The countdown has begun for the first Teacher Eligibility Test to be conducted by the Teacher Recruitment Board (TRB) on June 3. From model question papers uploaded by the TRB on its website and model papers brought out by private publishers, to coaching institutes offering weekend classes, many candidates seem to be availing of all the help that is possible to crack TET.

The test is mandatory for secondary grade teachers and graduate assistants appointed for government, aided and unaided institutions on and after August 23, 2010, as mandated by the Right to Education (RTE) Act.

While over six lakh candidates are expected to take the TET, book publishers, who were expecting to cash in on the huge number of takers, don't think it has converted into sales for them. A majority of the candidates feel that since this is the first such test, and exam guidelines say the pattern is based on the State government syllabus, it is best to study for the respective class textbooks.

Subash Kanda, MD, Sura Books, one of the publishers, says there was more response for paper-II, especially for science but sales for most publishers have only been lukewarm. “Publishers have made money, but not for the massive number of takers that this exam is projected to draw. If a publisher has sold 10,000 books it is good enough,” says he said.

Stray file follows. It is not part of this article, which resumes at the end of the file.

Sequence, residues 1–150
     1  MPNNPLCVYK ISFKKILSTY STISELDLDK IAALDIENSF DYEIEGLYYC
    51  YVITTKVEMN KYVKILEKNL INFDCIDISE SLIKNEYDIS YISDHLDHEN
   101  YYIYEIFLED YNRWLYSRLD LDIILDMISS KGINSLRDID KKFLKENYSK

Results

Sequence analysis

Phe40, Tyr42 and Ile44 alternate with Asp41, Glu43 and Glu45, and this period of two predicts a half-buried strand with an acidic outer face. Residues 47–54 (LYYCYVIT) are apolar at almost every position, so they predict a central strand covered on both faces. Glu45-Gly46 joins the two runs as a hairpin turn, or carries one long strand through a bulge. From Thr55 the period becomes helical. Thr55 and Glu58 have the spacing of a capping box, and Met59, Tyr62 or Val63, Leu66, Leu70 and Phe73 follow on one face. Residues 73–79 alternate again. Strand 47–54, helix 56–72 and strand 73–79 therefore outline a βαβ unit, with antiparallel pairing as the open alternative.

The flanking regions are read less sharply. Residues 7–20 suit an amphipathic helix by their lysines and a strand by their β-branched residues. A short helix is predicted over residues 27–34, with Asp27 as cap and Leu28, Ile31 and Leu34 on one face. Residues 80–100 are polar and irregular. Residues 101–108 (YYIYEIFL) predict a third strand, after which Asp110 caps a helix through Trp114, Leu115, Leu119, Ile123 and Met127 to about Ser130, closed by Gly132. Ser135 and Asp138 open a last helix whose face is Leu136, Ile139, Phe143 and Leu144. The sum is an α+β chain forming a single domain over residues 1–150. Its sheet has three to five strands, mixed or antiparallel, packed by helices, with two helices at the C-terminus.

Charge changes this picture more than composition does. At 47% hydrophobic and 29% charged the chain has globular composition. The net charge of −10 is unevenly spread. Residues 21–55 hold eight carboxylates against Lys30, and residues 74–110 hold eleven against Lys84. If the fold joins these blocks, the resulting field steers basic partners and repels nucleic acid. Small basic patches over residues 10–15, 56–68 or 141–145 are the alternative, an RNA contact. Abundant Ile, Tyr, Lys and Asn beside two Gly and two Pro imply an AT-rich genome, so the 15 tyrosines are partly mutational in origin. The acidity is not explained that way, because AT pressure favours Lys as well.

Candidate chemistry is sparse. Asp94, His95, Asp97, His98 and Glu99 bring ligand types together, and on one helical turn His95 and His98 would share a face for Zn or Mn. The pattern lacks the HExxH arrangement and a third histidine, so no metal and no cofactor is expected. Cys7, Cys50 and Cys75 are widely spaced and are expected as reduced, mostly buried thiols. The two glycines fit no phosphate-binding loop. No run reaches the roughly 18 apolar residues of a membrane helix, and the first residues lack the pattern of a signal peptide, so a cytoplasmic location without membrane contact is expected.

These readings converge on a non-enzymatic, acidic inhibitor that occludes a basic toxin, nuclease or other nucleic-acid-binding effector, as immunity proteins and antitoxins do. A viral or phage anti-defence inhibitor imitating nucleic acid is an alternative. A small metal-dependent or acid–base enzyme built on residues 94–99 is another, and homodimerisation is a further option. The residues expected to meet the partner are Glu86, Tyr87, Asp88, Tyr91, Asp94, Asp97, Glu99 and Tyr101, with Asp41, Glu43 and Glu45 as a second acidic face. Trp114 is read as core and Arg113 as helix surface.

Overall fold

Candidates appearing for the exam say there has been no dearth of coaching institutes too. At least 15 such institutions offer coaching for the test, with many candidates going to Kancheepuram for weekend programmes.

K. Shakthivel, a Ph.D. student who will be appearing for TET, and is studying on his own, says the biggest challenge for most of students is Tamil and English papers. “Both are mandatory, and candidates who have studied in Tamil medium find English tough, while those who have studied in English medium have difficulty in Tamil,” he says. There are also other concerns worrying candidates. Both B. Ed and D.T.Ed students say the TET is scheduled right between their year-end exams, and as different patterns are followed, they are caught in a difficult situation.

“My first preference is to clear the PGTRB exam for MSc. (B.Ed) programme, but I am left with only one week after that to prepare for TET,” says D. Hemavathy, a lecturer in a B.Ed. college.

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